Medicaid Expansion after the Midterms: State Stances Unlikely to Change, or New Room for Compromise between the Administration, GOP Governors?
Posted Dec. 2, 2014 | Following a strong Republican showing at the midterm elections and in many gubernatorial races, commentators and experts alike have suggested the states’ stances on Medicaid expansion are firm and unlikely to change. Of the 23 states that have not expanded their Medicaid programs, six had contentious gubernatorial races that were won by the Republican candidate: Florida, Georgia, Kansas, Maine, South Dakota, Wisconsin and Wyoming. All six of those states will have governors in January that either oppose Medicaid expansion outright or have supported it absent a forceful push (Florida). Perhaps preparing for just such an outcome, Health and Human Services Secretary Sylvia Matthews Burwell spoke recently at a meeting of states’ Medicaid directors, sharing that working “with states that have yet to expand” was among the federal department’s “top priorities” (Elise Viebeck, “Health chief ‘eager’ to expand ObamaCare with new governors,” The Hill, November 4).
Perhaps reflecting both the political reality and Burwell’s open-door policy, a slew of recent opinion pieces have appeared in the major newspapers of non-expansion states, such as Missouri, Tennessee and Texas, with changes in staff and policy direction in the news in others (Pennsylvania and Wyoming); see below the fold.
What’s your take? Will the recent slew of Republican wins freeze state decisionmaking on Medicaid expansion for the next two-to-four years, or has Burwell’s statement created new room for compromise and progress on expansion between the Administration and GOP governors?
View the Report
Wyoming health department backs plan to expand Medicaid (Wyoming Tribune Eagle, Nov. 27)
The state agency released a report recommending that the State accept a modified version of the optional Medicaid expansion. “The state of Wyoming has thousands of residents without health coverage … and they are out of luck unless the state elects to expand,” said Department of Health Director Tom Forslund. “And here is an opportunity for the state to expand at essentially no cost to the state’s general fund.”
Former Pennsylvania welfare secretary Estelle Richman tapped to lead Governor-elect Tom Wolf’s Medicaid expansion pursuit during transition (The Patriot-News, Nov. 21)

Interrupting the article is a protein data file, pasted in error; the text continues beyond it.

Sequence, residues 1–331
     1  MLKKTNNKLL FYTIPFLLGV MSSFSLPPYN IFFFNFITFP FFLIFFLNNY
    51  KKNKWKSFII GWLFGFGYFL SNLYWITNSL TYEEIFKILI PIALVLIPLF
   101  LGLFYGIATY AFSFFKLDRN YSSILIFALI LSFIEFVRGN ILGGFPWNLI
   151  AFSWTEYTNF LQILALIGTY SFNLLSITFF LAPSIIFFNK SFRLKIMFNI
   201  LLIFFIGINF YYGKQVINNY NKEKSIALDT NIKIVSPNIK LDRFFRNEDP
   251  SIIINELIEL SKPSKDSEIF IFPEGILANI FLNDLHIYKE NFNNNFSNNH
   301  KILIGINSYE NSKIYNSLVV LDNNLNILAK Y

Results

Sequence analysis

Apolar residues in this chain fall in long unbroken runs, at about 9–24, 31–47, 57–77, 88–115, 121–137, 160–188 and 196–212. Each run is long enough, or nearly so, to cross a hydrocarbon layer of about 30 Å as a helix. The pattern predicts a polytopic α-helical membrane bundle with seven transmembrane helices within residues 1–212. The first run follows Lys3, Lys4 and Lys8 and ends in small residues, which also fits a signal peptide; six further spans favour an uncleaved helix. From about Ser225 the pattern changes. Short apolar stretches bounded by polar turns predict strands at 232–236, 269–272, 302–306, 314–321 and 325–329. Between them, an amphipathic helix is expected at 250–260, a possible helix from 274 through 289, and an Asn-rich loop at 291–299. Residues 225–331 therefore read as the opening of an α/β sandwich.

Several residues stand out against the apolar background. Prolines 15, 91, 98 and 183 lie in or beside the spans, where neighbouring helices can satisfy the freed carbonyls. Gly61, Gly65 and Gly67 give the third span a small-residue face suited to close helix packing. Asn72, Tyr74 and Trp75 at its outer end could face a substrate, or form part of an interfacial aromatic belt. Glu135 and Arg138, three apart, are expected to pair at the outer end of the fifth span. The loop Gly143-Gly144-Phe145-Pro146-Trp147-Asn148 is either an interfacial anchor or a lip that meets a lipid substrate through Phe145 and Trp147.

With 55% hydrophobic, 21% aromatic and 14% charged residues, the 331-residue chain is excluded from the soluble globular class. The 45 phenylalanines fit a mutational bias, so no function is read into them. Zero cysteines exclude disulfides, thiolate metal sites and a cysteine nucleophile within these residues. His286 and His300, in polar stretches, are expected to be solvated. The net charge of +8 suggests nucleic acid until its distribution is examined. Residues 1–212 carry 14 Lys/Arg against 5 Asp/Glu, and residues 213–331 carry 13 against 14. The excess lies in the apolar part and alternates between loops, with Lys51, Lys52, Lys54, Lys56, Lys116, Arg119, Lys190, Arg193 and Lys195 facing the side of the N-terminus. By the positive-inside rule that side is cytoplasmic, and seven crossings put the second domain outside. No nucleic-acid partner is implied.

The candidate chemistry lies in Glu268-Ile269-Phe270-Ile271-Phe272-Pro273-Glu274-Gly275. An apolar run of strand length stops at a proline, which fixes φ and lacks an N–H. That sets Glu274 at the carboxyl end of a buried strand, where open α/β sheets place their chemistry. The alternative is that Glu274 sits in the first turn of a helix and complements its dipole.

Richman’s role on the transition team entails leading efforts to fully expand Medicaid and undo changes that were part of outgoing Governor Tom Corbett’s version of the Medicaid expansion.
Expanding Medicaid is vital to Missouri’s health (Springfield News-Leader, Nov. 16)
“It appears that opponents to Medicaid expansion, after making arguments about costs of the program and need for reform, have simply chosen to not mention it in the upcoming session and hope it will go away. … As it stands now, without Medicaid expansion, our federal tax dollars are now being lost to states in which Medicaid expansion has occurred. Missouri is losing approximately $5 million per day. With Medicaid expansion, the costs of uncompensated care by the state and local governments will decrease markedly.” (Dr. John Mihalevich)
Expansion of Medicaid can save rural hospitals (The Tennessean, Nov. 18)
“In Tennessee, inaction on Medicaid has meant the loss of nearly $1 billion in federal funds, a number that grows by $2.5 million each day. This money would not have gone into some unnamed bureaucracy; it would have been used to provide quality, affordable health-care coverage to the 300,000 Tennesseans who fall in the Medicaid gap. The benefits of Medicaid expansion aren’t limited to the health of those individuals. Providing this coverage means that 300,000 people can go see a doctor on a regular basis, limiting their need for emergency care at hospitals. When these individuals did need ambulatory care, the admitting hospital would receive a Medicaid reimbursement rate for their services, which currently they have to write off as charity care.” (Tennessee state Rep. Craig Fitzhugh and state Sen. Jeff Yarbro)
Hospitals seek a Texas way to expand Medicaid (Dallas Morning News, Nov. 18)
“Expanding Medicaid may be anathema to Texas political leaders. For hospitals, though, it would be a godsend. … Gov. Rick Perry and others have said Texas is not interested in pouring more money into a broken system. One way health care providers agree that Medicaid is broken is in the meager amount this state-federal partnership program pays for care. Hospitals say they lose money on every Medicaid patient they treat.” (Jim Landers)